Francesca Zambello will be planning the show, with Michael Mael as executive director and Kennedy Center chief Michael Kaiser involved more closely than before. Zambello and Kaiser worked together when he ran Covent Garden and have remained in close contact. This appointment was Kaiser’s call but it took him years of tact and diplomacy to bring it about.
She has a day job at Glimmerglass Opera Festival but the two roles are complementary and will give her plenty of room to manoeuvre – and, boy, does Washington manoeuvre. Domingo, who was also running Los Angeles, singing all over the world and conducting whenever asked, was seldom there. He ran the company along the lines of a 1970s state enterprise, on stale repertoire and a steady flow of cash to cover crises. It was not a highlight of his illustrious career and he should be glad to put it behind him.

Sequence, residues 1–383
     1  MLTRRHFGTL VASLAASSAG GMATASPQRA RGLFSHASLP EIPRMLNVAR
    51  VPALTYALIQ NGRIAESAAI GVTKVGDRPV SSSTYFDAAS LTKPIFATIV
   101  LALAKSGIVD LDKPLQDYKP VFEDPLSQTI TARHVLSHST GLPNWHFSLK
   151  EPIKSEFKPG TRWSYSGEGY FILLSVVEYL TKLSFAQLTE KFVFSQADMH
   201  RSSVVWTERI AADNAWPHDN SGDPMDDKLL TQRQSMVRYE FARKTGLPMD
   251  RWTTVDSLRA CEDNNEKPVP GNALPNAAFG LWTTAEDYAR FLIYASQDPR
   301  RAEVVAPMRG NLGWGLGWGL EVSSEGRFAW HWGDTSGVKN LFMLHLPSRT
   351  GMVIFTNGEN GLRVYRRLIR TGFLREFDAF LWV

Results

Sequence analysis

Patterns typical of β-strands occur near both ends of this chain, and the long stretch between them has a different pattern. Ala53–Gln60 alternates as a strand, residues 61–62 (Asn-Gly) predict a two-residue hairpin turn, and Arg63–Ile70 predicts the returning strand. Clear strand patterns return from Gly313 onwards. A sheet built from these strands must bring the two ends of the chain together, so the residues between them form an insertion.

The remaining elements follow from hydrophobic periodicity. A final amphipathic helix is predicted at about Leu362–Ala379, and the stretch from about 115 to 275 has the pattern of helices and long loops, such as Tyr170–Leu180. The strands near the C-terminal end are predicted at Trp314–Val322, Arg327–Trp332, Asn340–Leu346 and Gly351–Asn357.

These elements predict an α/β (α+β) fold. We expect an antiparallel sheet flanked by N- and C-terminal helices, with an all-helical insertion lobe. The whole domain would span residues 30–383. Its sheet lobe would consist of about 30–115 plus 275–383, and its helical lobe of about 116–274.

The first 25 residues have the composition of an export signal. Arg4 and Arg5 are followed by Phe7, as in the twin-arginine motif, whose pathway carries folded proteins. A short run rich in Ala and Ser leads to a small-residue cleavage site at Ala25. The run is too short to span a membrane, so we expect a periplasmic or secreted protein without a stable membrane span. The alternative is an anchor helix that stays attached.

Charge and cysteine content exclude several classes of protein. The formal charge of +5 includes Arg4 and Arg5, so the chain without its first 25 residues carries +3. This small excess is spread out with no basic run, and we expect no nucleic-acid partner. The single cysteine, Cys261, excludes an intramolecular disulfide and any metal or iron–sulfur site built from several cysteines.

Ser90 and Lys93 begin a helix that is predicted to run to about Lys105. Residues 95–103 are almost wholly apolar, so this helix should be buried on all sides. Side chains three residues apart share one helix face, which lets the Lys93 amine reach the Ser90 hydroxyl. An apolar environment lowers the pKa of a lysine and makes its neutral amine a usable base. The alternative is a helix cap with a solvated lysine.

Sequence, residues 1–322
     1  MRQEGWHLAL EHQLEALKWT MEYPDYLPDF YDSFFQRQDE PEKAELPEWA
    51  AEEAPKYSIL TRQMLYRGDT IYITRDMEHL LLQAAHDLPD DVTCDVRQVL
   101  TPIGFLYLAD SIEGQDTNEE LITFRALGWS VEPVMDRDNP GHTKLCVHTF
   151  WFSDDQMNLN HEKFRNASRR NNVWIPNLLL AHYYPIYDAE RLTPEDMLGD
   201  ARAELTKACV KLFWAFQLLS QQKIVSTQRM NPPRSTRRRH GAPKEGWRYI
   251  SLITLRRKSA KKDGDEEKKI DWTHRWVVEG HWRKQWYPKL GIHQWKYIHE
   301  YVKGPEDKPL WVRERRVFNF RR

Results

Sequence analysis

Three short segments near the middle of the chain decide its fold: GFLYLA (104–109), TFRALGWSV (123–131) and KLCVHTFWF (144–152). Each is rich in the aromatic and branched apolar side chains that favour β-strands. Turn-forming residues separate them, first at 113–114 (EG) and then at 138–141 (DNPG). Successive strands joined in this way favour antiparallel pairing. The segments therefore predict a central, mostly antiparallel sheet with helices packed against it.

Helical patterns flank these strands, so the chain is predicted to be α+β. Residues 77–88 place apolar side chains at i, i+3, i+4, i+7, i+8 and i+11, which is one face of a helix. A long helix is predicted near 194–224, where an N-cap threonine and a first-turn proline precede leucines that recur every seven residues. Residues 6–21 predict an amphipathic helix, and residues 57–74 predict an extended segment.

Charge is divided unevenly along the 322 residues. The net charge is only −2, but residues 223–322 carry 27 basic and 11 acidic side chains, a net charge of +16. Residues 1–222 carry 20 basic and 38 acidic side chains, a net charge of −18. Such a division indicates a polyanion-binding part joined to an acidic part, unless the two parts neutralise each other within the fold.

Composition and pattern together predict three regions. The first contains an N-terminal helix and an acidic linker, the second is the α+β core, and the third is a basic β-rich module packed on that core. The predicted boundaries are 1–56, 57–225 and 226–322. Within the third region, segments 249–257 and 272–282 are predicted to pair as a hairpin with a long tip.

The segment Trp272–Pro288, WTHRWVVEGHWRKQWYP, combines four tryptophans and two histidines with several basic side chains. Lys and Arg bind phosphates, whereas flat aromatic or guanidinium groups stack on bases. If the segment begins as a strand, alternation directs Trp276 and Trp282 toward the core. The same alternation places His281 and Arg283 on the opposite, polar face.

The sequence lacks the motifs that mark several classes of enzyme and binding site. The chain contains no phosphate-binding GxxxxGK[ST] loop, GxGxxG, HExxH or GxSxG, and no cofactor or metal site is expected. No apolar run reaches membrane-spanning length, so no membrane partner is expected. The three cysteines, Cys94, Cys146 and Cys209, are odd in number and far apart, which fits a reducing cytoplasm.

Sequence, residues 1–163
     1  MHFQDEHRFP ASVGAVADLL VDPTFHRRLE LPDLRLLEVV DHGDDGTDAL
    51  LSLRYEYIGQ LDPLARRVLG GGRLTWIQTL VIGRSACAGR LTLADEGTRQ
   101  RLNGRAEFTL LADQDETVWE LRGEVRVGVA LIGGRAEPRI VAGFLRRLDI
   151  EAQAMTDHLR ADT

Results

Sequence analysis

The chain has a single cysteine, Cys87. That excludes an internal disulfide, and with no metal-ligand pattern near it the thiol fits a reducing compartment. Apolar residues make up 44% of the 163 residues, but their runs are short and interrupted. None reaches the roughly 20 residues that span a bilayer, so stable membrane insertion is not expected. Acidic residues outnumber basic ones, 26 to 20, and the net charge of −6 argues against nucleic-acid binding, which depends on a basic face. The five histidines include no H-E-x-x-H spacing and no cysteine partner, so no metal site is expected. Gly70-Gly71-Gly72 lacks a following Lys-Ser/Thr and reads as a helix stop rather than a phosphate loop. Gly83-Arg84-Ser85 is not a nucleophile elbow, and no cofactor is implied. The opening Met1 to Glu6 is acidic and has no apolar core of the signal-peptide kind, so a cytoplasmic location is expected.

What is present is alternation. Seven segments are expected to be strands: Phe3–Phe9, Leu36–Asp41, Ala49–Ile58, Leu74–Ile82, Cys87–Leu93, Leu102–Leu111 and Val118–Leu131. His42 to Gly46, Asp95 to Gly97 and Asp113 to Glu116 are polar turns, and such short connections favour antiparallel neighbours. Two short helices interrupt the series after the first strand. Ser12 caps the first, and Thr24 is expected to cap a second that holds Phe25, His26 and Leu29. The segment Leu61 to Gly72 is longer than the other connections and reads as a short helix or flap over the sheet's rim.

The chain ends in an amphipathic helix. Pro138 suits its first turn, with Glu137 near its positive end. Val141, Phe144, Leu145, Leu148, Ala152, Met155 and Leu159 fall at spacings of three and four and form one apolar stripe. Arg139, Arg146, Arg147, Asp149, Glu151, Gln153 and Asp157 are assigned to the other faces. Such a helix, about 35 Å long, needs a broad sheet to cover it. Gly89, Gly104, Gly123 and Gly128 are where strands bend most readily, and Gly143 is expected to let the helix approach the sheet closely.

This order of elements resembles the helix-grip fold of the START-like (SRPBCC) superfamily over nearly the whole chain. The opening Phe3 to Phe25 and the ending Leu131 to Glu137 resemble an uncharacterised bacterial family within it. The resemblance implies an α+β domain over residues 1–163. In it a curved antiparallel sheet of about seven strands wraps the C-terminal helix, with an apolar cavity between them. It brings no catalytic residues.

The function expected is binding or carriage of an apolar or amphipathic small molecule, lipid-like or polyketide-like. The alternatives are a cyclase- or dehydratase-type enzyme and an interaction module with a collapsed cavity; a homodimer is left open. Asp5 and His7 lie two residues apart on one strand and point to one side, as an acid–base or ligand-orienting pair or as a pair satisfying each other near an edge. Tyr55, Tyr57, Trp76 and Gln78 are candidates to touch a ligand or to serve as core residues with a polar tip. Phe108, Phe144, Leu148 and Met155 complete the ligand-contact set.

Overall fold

Zambello, a busy stage director, was in line to become director of New York City Opera a few years back only to be rejected over a weekend by a sexist board. That, in retrospect, seems a lucky escape. Washington is in for a good time.
FOR IMMEDIATE RELEASE:Wednesday, May 25, 2011Francesca ZambelloAppointed Artistic Advisor for Washington National OperaMichael L. Mael Named Company’s Executive Director(WASHINGTON, D.C.) –